Strange Bedfellows: Egypt and the Saudis Should Join Forces
Author: assafir Posted September 12, 2013
There are three possible scenarios stemming from the unexpected Saudi-Egyptian relationship that formed after Egypt’s new government was established.
The "Clash" Scenario
This scenario comes from an Egyptian political speech that called for change by compelling religious groups to participate in the government. These groups claim to be the sole interpreters of religion and criticize others. This scenario also stems from the new cultural and political elite’s escalated campaign against some Arab regimes’ foreign relations, or against the way Egyptian laborers are treated amid demands to improve their situation, especially regarding the sponsorship system.
At the Saudi level, the most significant factors that would instigate a clash are the country's commitment to stifling change—a decision that comes from within Saudi Arabia itself—as well as the focus of both the media and political discourse on the Egyptian revolution’s failure to overcome crises, not to mention its support for Egypt’s role in successfully managing Arab issues. Furthermore, the Saudi elite are seeking to adopt particular trends and currents in Egypt, and are thus deepening divisions within the political and cultural community.
All of these reasons can lead to an early clash, which may prevent the new regime from getting settled and encouraging some much-needed stability. This would steer relations down unsafe roads, and may cause history to repeat itself.
This scenario would allow the two countries to function politically under a bilateral framework through which they would work together to avoid public clashes, address urgent issues and achieve their immediate interests. This is particularly important during the Egyptian government’s initial stages, when it is still testing the water on national issues. The longer this period lasts, the more the disadvantageous it will become, since the government may employ intelligence mechanisms or shady personalities to explore these issues. Foreign intervention may even be allowed to serve the interests of a third party.
Forming an Alliance and Seeking Broader Horizons
This scenario stems from several basic determinants:
1—Both countries share similar political and security needs, as they experience multiple sources of common threats and are expecting a resurgence in terrorism, which would exploit chaos and disorder at the regional and international levels.
2 —An Arab state cannot, regardless of its influence, manage major Arab issues alone—namely the Palestinian issue—or confront regional (Turkey and Iran) and international (the Greater Middle East) issues. Addressing these issues would ultimately limit the abilities of the Arab League, eliminate the Arab world as a regional political actor, and individually distract its members.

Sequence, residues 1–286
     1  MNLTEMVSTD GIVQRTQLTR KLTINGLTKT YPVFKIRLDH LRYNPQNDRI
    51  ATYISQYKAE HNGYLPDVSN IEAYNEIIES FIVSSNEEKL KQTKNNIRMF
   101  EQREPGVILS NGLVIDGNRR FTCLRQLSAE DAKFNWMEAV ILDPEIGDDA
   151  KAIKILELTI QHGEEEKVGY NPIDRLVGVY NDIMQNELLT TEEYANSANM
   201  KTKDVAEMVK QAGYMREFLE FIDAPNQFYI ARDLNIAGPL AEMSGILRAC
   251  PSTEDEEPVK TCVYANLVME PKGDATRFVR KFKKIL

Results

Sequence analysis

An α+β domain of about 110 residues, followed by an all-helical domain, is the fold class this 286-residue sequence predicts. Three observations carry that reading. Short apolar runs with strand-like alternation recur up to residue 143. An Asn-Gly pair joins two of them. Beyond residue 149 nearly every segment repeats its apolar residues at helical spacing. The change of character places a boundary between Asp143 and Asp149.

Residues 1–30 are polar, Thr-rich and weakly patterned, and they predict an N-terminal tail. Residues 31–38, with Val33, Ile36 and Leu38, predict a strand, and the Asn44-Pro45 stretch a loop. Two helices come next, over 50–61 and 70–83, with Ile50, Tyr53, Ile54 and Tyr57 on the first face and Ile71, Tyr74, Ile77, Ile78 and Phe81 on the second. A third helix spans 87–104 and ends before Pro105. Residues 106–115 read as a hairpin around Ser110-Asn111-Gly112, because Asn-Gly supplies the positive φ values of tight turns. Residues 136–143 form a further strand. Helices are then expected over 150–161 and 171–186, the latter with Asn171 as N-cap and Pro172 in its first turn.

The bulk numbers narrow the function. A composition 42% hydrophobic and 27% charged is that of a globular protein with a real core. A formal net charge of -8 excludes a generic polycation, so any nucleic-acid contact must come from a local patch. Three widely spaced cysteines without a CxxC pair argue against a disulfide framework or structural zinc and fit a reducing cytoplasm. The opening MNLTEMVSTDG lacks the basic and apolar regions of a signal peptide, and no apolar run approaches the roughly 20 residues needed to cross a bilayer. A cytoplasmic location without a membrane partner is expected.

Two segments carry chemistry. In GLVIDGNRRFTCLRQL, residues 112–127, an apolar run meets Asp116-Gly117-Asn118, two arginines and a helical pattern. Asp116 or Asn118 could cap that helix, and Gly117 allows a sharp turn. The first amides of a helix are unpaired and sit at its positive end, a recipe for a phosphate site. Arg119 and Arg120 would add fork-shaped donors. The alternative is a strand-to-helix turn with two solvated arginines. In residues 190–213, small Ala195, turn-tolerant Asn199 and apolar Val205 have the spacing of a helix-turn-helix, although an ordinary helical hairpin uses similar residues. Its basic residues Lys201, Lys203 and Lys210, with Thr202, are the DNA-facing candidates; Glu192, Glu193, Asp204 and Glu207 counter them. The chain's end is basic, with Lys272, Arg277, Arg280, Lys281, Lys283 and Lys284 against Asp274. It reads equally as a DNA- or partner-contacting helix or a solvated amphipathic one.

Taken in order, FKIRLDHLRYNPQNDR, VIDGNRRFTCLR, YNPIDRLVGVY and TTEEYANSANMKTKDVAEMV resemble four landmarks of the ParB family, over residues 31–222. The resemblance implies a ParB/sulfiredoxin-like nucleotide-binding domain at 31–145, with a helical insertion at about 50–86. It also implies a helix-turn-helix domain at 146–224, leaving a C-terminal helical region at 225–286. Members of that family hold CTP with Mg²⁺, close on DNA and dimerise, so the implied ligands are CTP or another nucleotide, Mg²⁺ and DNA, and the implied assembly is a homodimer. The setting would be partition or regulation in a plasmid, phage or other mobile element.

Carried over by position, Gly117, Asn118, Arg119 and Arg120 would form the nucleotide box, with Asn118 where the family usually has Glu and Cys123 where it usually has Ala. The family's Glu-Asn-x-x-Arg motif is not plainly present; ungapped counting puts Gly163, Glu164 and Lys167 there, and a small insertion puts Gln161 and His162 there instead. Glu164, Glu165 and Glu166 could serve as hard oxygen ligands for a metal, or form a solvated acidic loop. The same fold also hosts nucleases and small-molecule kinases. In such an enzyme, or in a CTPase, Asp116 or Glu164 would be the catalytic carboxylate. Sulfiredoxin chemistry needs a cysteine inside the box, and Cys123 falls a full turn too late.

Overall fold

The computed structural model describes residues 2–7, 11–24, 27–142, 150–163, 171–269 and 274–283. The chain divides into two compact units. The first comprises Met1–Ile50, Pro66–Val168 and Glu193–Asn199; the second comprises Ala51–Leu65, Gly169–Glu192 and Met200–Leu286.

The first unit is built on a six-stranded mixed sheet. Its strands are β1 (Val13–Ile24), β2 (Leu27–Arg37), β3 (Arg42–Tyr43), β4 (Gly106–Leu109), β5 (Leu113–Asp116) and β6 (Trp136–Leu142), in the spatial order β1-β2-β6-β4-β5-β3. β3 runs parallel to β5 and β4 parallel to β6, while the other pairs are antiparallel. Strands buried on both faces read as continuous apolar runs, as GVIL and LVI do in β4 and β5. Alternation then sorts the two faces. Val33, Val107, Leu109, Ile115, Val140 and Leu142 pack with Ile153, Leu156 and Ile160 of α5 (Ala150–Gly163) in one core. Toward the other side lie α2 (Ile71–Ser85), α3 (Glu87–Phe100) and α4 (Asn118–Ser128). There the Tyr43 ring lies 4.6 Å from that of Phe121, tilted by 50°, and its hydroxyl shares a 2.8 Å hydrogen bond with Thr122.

3—Tensions are expected to explode areas that are highly sensitive for both countries—such as Yemen, Syria, Libya, Iraq, and the Gulf region—due to internal conflict, the failure of the “Arab Spring” for some, a security-political vacuum in others, and because of external powers seeking domination, such as Iranian activity in Iraq and the role of the West in Libya.
These factors make it necessary for the next Egyptian regime and the ruling elite in Saudi Arabia to choose this scenario—that is, the alliance approach—and to enhance coordination between them in all areas. Through this approach, they will be able to develop elements of internal stability. Also, an Arab coalition can be established—one that could address regional and international strategies in the Middle East equally, create an environment for material and human resources investments in both countries, and serve future Arab interests, particularly in the areas of science and technology (King Abdullah University of Science and Technology (KAUST) and Zewail City of Science and Technology).
Furthermore, if both countries agreed on this scenario, they would lessen the likelihood of future clashes between them and promote stability in turbulent countries like Yemen, Syria and Iraq. This would also open the door for establishing a regional security system in the Red Sea region, capable of supporting and defending both countries—and Arabs in general—against current and future threats. Such a system would make use of the hidden riches buried in Red Sea waters, and would provide a path for oil in the Gulf and the Bab al-Mandab strait.
The time of confrontation is long gone. Now is the time to ally and join hands in this troubled world.
Read More: http://www.al-monitor.com/pulse/politics/2012/04/egypt--saudi-arabia-the-relation.html